"In a way, it was like being seven again, rediscovering my boyhood sense of wonder and adventure. There was something powerful in that."
Roorbach writes about those moments in his latest book. For example, floating on Temple Stream in a canoe, he writes: "Something caught my eye: caddisfly nets, silken, finger-size tubes blowing full in the current, attached to the bricks by caddisfly nymphs to strain the water for nutritious plant matter. I'd seen these nets before -- true of so many things in the stream -- in fact, I'd studied them closely when I was a boy, named them windsocks. Forty years had passed, and here those windsocks blew again. And here was the boy again, late for dinner, all alone in his canoe, drifting homeward."
What motivates his willingness to do reportage on the most minute details of nature? Roorbach says that he's always had a literary interest in nature writing, but it runs deeper than simply admiring the genre: it is the headwaters of the infinite.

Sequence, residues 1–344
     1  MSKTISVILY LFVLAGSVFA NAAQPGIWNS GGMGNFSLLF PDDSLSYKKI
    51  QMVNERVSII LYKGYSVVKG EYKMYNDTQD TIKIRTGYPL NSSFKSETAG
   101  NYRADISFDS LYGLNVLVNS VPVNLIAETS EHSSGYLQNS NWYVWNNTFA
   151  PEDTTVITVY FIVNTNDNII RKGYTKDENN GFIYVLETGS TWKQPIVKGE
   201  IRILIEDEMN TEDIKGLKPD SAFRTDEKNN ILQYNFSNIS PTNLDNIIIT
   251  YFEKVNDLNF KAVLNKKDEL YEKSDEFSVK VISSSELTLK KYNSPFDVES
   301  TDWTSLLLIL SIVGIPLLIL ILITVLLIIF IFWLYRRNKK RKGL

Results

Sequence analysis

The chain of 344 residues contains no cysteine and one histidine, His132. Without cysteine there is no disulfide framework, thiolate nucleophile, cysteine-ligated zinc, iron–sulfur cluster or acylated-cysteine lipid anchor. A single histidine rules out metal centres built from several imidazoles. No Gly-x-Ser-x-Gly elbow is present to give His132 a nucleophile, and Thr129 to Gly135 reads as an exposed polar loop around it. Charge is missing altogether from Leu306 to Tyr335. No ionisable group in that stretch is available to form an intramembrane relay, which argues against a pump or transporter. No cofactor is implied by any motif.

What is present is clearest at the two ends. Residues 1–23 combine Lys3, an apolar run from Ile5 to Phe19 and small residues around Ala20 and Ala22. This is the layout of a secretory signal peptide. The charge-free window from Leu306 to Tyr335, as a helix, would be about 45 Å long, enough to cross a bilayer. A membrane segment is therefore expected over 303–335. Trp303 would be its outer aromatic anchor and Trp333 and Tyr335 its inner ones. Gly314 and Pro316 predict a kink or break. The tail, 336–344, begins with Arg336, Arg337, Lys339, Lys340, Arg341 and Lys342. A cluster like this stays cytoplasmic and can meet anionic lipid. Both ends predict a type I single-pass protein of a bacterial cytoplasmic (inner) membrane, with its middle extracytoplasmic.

"There is a romance to places such as Temple Stream," he says. "These are the places that love might happen. Love and the natural world are tied together." And Roorbach has written previously, in Summers with Juliet, just how romantic love and nature are inseparable. Nature and Eros merge.
Paying attention to the tiny details is an act of love. "It is an erotic appreciation of the details of the universe," Roorbach says. "The big abstractions are singular, always the missing ingredients for happiness. But the details of the universe are endless. If you can love them, you have an infinite source of joy."Photos by Paul Kandarian